by Maria Russo in Entertaining, Food Network Chef, March 11th, 2015
by Melissa d'Arabian in Family, Food Network Chef, March 7th, 2015
When it comes to hosting a party at home, there are two groups of people: those who panic and those who prepare. If the mere thought of cooking for a crowd sends you into cold sweats, chances are you’re part of the first group, but it doesn’t have to be that way. All it takes to be prepared for your next big bash is having a plan for the meal, and for that, Rachael Ray likes the bar approach.
During a live demo with her husband at the South Beach Wine & Food Festival last month, Rachael dished on what she calls “a cheap and cheerful way to entertain.” She set up a bar of fixings for her chicken fajitas, like lettuce, radishes, cheese and crema, and explained that when re-creating the meal at home, each guest could be responsible for bringing just one portion of the spread. “Everybody can participate,” she said. That means that instead of all the pressures of the party — the shopping, the cooking, the plating (and the panic) — being put on you, the host, your friends can help out by contributing to the meal. And with everyone creating their own versions of their ultimate meal, like fajitas or tacos or pizza, you can be sure that each guest will get exactly what he or she wants.
by Amy Reiter in Food Network Chef, News, March 5th, 2015
My daughters had been begging me to buy a particular box of cereal for the month of March. In our house, cereal is either healthy enough to be considered a breakfast item (by virtue of low sugar and high protein and fiber), or it is a dessert treat that we buy once a month. This box of cereal was the “dessert” cereal for the month of March. I brought the cereal home today, and the girls cheered with excitement, knowing that dessert tonight would be a bowl of crispy chocolate cereal in cold creamy milk.
I returned to work back in my office. Suddenly I heard a soft knock and saw the eyes of my 7-year-old Margaux peeking through the cracked door. I knew it was important. I stopped my typing and invited Margaux in, with her earnest, somber face. In her little hands, she held the box of chocolate cereal. “Mom, I just checked, and this cereal has 13 grams of sugar. I don’t think it’s very healthy at all.” She was conflicted — a gift of being a reader and being incapable of unseeing what she had read on the label. What followed was a conversation about our health, making balanced choices and reading labels. We brainstormed some options that would enable her to enjoy the cereal sometimes, but without feeling bad about it. (Simply not eating this cereal again, however, was not on the table for Margaux.) We talked about maybe buying a treat cereal less often — perhaps every six weeks — and making the servings a little smaller in order to reduce the sugar. She suggested maybe skipping the piece of candy she is allowed at the movies next time to balance out the sugar. (I don’t hold high hopes for her making good on that one, if I’m honest.)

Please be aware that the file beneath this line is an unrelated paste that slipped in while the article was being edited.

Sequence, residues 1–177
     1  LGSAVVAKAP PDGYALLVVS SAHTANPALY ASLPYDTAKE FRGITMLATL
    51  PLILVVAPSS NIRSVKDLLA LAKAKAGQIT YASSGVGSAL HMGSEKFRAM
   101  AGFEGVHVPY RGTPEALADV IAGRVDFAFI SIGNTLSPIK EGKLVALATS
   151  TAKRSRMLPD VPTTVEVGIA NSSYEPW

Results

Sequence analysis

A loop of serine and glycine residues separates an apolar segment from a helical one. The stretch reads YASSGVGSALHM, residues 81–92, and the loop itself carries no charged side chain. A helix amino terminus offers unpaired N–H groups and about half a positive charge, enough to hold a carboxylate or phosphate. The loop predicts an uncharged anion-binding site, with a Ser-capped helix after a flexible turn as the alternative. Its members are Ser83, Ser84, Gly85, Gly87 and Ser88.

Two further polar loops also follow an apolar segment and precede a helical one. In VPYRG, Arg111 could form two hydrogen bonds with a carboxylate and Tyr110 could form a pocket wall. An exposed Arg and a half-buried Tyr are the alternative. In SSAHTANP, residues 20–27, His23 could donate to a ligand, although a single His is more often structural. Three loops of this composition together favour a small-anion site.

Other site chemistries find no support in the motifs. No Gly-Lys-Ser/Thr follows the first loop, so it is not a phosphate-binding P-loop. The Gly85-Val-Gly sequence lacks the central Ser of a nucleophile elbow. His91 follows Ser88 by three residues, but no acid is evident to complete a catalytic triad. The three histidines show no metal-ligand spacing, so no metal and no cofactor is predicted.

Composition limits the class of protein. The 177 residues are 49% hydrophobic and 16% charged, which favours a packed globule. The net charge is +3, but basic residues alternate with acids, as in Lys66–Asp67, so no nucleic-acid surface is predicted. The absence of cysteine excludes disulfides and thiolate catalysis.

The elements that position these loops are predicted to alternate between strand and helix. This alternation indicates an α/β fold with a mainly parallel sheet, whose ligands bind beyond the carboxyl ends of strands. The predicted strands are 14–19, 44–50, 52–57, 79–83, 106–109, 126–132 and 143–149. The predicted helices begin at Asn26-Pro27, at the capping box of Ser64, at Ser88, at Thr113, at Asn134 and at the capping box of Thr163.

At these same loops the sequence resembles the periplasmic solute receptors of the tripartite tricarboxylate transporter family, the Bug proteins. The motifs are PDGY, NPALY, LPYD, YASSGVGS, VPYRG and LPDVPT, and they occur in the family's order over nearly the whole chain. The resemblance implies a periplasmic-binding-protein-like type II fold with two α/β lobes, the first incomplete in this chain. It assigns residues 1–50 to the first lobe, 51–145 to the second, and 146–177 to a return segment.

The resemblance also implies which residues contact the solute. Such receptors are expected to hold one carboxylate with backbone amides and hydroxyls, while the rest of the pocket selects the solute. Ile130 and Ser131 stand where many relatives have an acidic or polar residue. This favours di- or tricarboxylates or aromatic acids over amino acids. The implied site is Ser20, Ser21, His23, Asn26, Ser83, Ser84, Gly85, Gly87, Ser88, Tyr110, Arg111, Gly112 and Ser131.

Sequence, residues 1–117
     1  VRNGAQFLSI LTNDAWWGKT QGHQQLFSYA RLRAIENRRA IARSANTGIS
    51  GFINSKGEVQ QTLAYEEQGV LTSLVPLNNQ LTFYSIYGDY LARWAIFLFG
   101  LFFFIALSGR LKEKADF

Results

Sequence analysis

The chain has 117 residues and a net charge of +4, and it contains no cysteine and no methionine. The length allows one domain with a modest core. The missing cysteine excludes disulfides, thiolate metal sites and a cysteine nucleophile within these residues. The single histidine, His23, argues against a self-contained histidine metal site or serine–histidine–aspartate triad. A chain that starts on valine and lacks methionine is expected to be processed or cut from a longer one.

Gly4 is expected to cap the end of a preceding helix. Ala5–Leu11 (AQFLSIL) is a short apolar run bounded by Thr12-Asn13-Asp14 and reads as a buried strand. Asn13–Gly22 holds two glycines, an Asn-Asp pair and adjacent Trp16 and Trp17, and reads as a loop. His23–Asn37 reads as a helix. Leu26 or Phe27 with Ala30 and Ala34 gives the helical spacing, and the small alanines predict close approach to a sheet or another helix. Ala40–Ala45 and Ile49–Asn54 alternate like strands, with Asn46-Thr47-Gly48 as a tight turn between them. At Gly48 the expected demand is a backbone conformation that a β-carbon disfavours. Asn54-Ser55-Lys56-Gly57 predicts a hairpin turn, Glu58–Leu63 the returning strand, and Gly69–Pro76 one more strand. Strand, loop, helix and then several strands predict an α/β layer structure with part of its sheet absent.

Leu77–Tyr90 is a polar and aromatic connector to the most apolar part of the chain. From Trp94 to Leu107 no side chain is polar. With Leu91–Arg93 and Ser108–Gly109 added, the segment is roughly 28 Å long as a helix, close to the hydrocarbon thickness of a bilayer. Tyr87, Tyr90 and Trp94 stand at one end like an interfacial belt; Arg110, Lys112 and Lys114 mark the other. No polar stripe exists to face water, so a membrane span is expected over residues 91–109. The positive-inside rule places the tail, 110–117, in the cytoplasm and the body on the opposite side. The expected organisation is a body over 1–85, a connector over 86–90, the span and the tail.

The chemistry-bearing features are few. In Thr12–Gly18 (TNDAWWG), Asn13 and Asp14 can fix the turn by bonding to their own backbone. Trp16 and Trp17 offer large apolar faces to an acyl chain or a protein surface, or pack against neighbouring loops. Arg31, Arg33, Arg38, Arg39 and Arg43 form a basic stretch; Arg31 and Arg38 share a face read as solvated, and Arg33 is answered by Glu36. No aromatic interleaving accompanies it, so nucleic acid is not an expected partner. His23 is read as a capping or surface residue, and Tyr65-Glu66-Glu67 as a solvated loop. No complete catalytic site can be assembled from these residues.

by Maria Russo in Events, Food Network Chef, March 2nd, 2015
On May 4, Alton Brown, Cutthroat Kitchen’s master of eviliciousness, will take on the master of ceremonies duties as the host of the 2015 James Beard Foundation Awards, a prestigious awards ceremony that is the culinary’s world’s answer to the Oscars. After being held in New York for 24 years, the event will take place in Chicago this year at the city’s appropriately sumptuous Civic Opera House, home of its Lyric Opera. It will be Alton’s second stint hosting the awards; he previously hosted in 2012. Alton is also a repeat James Beard Foundation Award winner, most recently honored as Outstanding Television Host – for his work on Good Eats — in 2011.
You can find a full list of this year’s restaurant- and chef-award semifinalists here. The foundation will announce the final nominees in these categories, as well as the nominations for its book, journalism, broadcast media and restaurant design awards, on Tuesday, March 24. The annual James Beard Foundation Book, Broadcast & Journalism Awards Dinner, to be held in New York on April 24, will be hosted by Carla Hall, of ABC’s The Chew.”
by Allison Milam in Food Network Chef, Recipes, February 28th, 2015
Leave it to Guy Fieri to turn a simple live cooking demo into an all-out party, complete with pumping music, plenty of The Drunk Donkey cocktails and, of course, over-the-top eats. That’s just what happened at the 2015 South Beach Wine & Food Festival when Guy dished out the cheesiest, meatiest nachos ever … in a trashcan. This nontraditional (and clean) vessel was the only container large enough to hold his super-layered snack — so large, in fact, that when it came time to serve the nachos, Guy needed a few friends’ help to flip the can over.
Click the photo below to launch an entire photo gallery of the making of Guy’s next-level nachos.
by Maria Russo in Food Network Chef, Recipes, February 27th, 2015
You don’t need to speak with a delightful drawl or live in a house with a wraparound porch to tuck into some serious Southern comfort. In fact, Trisha Yearwood’s Southern Comfort Potluck menu should be next up on your roster no matter where you call home. Complete with a few unexpected twists, these down-home favorites are notable for their convenience — and then some. Let us list the ways!